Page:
New Home Sales came in at 713,000, which was up 7.1% MOM and 18% YOY. The standard deviations on new home sales is always huge, so take it with a grain of salt. The South and the West experienced the biggest gains. Note that housing has been a drag on the economy for six consecutive quarters, and it appears that it will finally contribute to GDP.

 

Speaking of GDP, the third revision to second quarter GDP is out. Growth came in at 2%, and the inflation numbers were tweaked upward. The core PCE index rose 1.9%, up from the 1.7% previous estimate and the headline number was bumped up 0.2% to 2.4%. The uptick inflation doesn’t appear to have had any impact to the Fed Funds futures.

Morning Report: Trump tries to talk down the dollar

Vital Statistics:

 

Last Change
S&P futures 2905 -14.5
Oil (WTI) 54.68 0.64
10 year government bond yield 1.69%
30 year fixed rate mortgage 3.86%

 

Stocks are lower after a bunch of non-US political headlines over the weekend. Bonds and MBS are up.

 

Overseas, currencies and bond yields are focusing on elections in Italy and Argentina, as well as protests in Hong Kong. Protestors shut down the Hong Kong airport over the weekend.

 

The week ahead will have a few important data points, but nothing likely to be market-moving. We will get inflation at the consumer level tomorrow, retail sales / productivity / industrial production on Thursday, and housing starts on Friday. There doesn’t appear to be any Fed-speak this week, so things should be quiet absent overseas political developments. Congress is on vacation until Labor Day, so things should be quiet in DC as well.

 

Building materials prices rose 0.7% (NSA) in July, but are down overall year-over-year. Despite tariffs, softwood lumber prices are down 20% over the past year, while other products like gypsum are down less. Roofing materials (tar / asphalt) were flattish-to-down as well. Rising home costs are due more to labor, land, and regulatory costs than they are due to sticks and bricks.

 

After rising for a decade, average new home sizes are falling as builders pivot away from luxury buyers to first time homebuyers. In 2018, the average size of a single family dwelling was 2,588 square feet, down from 2,631 the year before. Builders had largely decided to relegate the first time homebuyer to the resale market and focused on McMansions and luxury urban apartments during the immediate aftermath of the housing crash. Townhomes are also increasing in popularity, with 69,000 sales last year, the most since 2007. This is the sector growing the fastest.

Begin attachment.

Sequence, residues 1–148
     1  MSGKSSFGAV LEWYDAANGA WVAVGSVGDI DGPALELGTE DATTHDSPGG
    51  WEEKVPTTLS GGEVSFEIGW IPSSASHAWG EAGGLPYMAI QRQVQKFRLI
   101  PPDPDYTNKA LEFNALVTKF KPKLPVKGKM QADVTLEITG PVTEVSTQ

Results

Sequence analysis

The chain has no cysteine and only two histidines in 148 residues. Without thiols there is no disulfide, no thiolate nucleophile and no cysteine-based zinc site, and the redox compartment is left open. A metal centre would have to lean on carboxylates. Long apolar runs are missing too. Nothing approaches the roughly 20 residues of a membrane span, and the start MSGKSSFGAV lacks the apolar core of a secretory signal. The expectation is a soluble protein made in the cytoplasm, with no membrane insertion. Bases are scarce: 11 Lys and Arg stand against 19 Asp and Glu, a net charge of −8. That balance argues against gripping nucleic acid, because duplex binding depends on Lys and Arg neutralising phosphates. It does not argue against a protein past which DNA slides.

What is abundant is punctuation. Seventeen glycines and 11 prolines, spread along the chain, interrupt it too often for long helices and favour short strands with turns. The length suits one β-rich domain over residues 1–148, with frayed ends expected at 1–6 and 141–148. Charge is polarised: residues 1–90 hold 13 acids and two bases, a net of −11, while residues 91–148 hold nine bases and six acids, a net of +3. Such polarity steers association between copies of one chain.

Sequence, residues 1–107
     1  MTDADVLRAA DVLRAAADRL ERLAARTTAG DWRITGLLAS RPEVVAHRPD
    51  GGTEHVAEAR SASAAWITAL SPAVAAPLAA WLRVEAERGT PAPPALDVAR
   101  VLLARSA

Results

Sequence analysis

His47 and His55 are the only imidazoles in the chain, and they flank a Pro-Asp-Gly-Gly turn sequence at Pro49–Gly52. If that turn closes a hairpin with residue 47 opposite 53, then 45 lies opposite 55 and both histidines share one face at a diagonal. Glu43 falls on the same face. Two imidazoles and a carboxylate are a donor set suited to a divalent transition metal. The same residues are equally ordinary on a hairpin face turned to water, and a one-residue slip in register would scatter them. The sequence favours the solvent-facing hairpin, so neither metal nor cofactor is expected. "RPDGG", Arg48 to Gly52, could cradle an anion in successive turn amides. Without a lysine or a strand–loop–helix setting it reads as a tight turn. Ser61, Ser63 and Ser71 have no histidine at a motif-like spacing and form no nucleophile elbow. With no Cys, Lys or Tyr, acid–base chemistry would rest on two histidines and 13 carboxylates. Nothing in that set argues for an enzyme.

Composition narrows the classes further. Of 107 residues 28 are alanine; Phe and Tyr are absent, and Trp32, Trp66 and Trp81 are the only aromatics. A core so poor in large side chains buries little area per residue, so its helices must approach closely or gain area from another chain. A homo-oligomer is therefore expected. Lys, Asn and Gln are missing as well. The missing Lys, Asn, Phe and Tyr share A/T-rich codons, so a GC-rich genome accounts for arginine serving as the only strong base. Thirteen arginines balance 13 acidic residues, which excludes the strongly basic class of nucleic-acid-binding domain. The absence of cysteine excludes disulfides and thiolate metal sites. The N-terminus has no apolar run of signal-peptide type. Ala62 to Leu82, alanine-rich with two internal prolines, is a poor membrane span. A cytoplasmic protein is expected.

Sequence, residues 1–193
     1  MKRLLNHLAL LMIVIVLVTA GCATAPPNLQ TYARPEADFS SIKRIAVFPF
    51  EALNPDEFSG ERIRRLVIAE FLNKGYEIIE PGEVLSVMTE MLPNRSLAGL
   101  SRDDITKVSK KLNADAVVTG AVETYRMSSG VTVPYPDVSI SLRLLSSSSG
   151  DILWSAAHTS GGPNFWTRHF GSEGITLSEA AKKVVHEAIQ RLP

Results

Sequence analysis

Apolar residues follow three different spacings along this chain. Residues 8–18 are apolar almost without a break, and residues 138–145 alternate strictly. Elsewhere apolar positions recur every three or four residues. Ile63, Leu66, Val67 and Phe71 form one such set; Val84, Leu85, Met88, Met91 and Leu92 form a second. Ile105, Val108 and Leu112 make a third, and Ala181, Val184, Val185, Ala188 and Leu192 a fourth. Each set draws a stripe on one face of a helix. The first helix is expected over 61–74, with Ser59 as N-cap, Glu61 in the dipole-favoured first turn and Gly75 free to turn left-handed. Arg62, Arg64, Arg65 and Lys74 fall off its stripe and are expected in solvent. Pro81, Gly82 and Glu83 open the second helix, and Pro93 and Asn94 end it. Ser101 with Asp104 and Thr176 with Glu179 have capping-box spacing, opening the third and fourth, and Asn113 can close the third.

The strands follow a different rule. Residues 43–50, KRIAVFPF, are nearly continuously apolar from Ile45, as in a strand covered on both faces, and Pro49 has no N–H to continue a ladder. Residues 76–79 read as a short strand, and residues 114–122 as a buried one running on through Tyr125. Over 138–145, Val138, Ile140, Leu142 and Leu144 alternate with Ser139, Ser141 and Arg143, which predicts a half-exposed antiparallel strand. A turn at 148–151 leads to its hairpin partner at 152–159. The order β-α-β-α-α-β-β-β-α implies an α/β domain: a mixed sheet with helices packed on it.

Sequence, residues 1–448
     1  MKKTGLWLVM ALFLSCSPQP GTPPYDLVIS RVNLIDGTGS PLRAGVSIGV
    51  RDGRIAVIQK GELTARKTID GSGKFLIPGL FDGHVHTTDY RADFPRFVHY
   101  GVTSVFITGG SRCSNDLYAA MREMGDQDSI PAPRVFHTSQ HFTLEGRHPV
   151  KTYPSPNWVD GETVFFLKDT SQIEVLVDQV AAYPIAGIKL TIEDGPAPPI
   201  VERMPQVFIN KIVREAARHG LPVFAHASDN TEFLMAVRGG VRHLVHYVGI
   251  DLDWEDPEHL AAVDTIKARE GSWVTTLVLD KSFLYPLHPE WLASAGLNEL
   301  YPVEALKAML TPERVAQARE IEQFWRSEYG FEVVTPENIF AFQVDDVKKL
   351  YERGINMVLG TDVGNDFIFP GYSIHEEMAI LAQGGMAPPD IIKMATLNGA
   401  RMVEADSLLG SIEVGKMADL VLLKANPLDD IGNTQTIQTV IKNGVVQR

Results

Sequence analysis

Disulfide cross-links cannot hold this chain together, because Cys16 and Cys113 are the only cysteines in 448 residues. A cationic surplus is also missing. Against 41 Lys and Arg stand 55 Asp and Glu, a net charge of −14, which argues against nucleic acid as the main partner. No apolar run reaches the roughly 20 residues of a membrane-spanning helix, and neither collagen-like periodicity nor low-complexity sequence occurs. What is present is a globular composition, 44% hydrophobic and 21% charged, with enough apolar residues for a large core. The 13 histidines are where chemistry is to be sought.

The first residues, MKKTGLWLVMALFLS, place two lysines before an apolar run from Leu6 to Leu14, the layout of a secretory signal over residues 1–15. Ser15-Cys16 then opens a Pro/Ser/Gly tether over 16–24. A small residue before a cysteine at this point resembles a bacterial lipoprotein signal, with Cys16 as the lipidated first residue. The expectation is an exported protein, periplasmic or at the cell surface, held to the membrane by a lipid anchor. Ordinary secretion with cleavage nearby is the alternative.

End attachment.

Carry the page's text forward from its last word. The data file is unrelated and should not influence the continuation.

Prepay speeds were released on Friday, and we saw some eye-popping CPRs on the government side: 2018 FHA had a CPR of 30.7%, while VA was almost 50%. People who loaded up the boat on MSRs in 2017 and 2018 have been killed.

 

The Fed is looking at the idea of a countercyclical capital buffer as a way to mitigate the credit cycle. The idea would be to have the banks hold more capital (i.e. lend less) when the economy shows signs of overheating and then allow them to hold less (i.e. lend more) when the economy goes into a down cycle. This would only apply to the Citis and JP Morgans of the world – banks with more than 250 billion in assets. “The idea of putting it in place so you can cut it, that’s something some other jurisdictions have done, and it’s worth considering,” Fed Chairman Jerome Powell said at a late July press conference. It is an interesting idea, although reserves are typically sovereign debt, and this sounds a bit like adding buying pressure to a market that certainly does not need it.